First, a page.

Lawyers at Invicta Law Corporation can assist you with:
- Estate Planning Advice
- Wills and Codicils
- General, Limited, and Enduring Powers of Attorney
- Representation Agreements
- Applications for Grant of Probate or Letters of Administration
What Happens If You Die Without a Will in BC?
If you die without a will in BC, your estate will be distributed to your surviving relatives according to a specific scheme set out in the Wills, Estates and Succession Act. The application of this legislative scheme means that:
- If you are survived by your spouse and any descendants, your spouse will be required to share the estate with your descendants in a set proportion, subject to a preferential share. This could be problematic if you want your spouse to be entitled to and capable of drawing upon your entire estate for support.
- If you are survived by your spouse and/or any descendants, they will receive the entire estate and there will be no provision for any other relative, such as an elderly parent with a financial need or a favourite sibling.
- If you do not have any surviving relatives, your estate will escheat to the government. You will not be able to provide for a non-spouse partner (i.e. a non-common law boyfriend or girlfriend), any other non-relative friends, or a charitable cause that you support, etc.
Other consequences of intestacy include:
- You will not be able to select a guardian for your minor children (unless you have already done so under the Family Law Act).
- You will not be able to set trust conditions on gifts held in trust for any minor children.
- Your beneficiaries who are receiving disability assistance may become disentitled to such benefits if they receive a sudden inheritance that pushes them beyond a certain asset threshold, which is a situation that can be avoided through careful estate planning.
Estate planning, including the preparation of a will and strategic organization of your assets, can help give you greater control while increasing certainty, simplifying required estate procedures, and minimizing the costs on your estate for the sake of the loved ones you leave behind.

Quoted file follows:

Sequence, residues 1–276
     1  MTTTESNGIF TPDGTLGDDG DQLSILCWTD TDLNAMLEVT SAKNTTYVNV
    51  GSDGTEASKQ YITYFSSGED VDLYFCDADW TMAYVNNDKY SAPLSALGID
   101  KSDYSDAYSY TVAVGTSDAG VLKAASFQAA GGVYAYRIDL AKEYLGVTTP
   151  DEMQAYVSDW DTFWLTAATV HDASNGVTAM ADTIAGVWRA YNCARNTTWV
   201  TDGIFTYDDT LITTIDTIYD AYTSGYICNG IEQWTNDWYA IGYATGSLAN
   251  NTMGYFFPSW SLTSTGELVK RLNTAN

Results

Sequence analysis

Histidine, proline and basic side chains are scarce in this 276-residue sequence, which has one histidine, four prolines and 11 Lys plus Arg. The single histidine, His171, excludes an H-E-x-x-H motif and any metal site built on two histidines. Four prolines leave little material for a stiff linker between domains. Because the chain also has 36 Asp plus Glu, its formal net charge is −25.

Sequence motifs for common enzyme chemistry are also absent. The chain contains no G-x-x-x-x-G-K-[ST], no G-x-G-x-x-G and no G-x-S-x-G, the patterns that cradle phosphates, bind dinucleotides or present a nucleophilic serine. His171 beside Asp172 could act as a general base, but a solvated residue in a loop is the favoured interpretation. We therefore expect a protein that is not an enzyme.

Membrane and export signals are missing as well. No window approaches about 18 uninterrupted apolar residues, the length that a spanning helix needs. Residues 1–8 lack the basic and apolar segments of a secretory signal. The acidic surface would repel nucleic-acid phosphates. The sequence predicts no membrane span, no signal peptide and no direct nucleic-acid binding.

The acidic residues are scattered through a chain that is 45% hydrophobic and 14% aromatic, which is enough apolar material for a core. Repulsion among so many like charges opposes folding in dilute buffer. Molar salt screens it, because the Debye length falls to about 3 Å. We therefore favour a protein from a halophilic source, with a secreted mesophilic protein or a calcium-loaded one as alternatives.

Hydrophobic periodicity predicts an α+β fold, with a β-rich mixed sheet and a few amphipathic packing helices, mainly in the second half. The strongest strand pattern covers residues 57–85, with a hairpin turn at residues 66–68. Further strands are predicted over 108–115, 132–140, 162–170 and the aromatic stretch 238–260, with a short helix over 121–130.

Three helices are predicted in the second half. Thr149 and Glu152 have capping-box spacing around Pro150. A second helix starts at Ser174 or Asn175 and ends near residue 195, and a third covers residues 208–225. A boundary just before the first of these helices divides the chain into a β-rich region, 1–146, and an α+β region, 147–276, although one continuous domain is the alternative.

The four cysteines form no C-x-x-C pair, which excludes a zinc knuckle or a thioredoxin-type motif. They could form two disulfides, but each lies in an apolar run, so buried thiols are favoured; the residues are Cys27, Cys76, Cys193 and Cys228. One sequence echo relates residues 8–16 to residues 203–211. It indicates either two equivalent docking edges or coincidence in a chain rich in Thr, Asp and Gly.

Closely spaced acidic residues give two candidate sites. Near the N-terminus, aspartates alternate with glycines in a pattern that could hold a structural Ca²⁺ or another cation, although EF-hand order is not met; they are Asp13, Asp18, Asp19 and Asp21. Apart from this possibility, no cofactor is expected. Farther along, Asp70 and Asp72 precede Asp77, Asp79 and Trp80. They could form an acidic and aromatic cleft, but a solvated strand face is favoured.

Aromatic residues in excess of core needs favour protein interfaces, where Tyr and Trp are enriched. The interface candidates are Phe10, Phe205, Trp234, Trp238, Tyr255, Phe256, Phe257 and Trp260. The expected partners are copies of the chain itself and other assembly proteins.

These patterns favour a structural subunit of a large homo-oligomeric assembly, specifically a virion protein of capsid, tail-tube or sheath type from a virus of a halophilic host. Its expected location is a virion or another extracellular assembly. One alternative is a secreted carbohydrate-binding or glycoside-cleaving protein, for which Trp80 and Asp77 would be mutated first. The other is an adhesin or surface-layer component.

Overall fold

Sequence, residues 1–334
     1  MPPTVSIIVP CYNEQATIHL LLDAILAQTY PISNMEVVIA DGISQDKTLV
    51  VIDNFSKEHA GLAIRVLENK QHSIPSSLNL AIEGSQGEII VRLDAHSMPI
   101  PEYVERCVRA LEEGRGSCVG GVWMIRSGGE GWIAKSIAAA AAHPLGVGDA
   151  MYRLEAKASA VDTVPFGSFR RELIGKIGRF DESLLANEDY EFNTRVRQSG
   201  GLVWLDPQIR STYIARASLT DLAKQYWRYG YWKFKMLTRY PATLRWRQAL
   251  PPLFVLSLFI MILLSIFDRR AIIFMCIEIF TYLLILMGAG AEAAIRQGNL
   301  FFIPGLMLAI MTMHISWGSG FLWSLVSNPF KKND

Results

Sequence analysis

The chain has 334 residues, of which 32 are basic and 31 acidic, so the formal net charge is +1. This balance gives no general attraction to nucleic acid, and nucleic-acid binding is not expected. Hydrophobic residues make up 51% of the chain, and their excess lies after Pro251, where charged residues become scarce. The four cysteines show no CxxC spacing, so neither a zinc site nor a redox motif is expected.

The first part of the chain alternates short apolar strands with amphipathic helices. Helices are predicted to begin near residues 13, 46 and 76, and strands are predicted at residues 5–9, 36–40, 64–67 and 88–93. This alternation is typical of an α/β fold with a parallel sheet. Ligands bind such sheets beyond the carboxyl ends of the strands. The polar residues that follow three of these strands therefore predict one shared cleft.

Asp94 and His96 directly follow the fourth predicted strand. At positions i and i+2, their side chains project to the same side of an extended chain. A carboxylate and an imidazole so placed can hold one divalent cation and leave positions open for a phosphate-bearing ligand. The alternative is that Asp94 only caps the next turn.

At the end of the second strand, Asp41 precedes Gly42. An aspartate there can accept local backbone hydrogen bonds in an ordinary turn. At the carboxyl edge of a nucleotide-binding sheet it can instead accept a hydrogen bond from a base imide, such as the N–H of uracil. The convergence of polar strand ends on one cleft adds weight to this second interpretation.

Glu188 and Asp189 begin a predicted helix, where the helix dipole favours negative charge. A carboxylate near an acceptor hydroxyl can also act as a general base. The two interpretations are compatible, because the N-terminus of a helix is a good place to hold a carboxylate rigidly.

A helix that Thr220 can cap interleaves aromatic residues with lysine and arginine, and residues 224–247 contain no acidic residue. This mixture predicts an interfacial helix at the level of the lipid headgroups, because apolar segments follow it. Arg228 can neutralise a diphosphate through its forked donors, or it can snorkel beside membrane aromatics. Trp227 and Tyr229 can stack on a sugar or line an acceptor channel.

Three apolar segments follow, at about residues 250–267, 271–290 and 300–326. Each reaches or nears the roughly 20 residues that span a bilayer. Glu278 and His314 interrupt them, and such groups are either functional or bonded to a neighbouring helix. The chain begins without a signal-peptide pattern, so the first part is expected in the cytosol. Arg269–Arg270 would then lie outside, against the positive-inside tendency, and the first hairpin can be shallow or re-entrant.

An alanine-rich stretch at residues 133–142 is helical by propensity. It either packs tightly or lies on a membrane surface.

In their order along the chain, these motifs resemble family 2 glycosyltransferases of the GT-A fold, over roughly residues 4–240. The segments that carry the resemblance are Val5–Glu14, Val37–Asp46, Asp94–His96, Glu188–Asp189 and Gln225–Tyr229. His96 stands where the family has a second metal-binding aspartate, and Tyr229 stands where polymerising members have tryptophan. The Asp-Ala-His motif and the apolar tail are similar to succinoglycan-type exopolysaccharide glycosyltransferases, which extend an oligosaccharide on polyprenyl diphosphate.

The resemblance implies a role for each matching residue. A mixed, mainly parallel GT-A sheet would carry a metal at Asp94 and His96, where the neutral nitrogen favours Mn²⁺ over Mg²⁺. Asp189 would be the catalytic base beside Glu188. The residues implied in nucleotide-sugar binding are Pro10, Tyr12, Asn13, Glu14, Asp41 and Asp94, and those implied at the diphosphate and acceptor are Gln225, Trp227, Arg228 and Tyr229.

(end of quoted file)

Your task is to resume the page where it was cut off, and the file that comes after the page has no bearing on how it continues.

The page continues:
Why You Should Seek Professional Advice When Preparing a Will
Mistakes and oversight by non-legal professionals when drafting and executing a will can lead to deficiencies that invalidate the will, void certain gifts under the will, create partial intestacies, increase the risk of a successful wills variation challenge, or result in a variety of other unintended consequences. Lawyers at Invicta Law Corporation are happy to meet with you to review your individual circumstances and create a professionally drafted will that is tailored to your needs.
Powers of Attorney and Representation Agreements
While wills are legal documents intended to dispose of the assets in an individual’s estate after he or she has passed away, powers of attorney and representation agreements are legal documents for use while the individual is still alive.
A General Power of Attorney allows you to authorize someone to make decisions about your finances, property, and legal affairs on your behalf. A General Power of Attorney will terminate when you revoke it, become mentally incompetent, or pass away.
A Limited Power of Attorney allows you to authorize someone for a specific task, such as selling a property that you own on your behalf, and terminates when the task is completed or on a specified date.
An Enduring Power of Attorney allows you to authorize someone to make decisions about your finances, property, and legal affairs, and such authority continues even if you lose your mental capacity to make these decisions. An Enduring Power of Attorney can also be drafted to trigger upon the occurrence of a particular event.
A Representation Agreement is used for setting out health care planning and personal care matters, as well as arranging limited legal and financial affairs. Personal care matters include decisions about living arrangements, diet preferences, participation in activities, and contact with others.
If you are uncertain which legal document would best suit your needs, please feel free to contact our office to set up an appointment with one of our lawyers.
Applications for Grant of Probate or Letters of Administration
If you have been named as an executor in a will, or if someone in your family has recently passed away without a will, our lawyers can assist you with preparing an application to the Supreme Court of British Columbia for a grant to administer the deceased’s estate. For further information, please contact our office by calling (604) 674-7104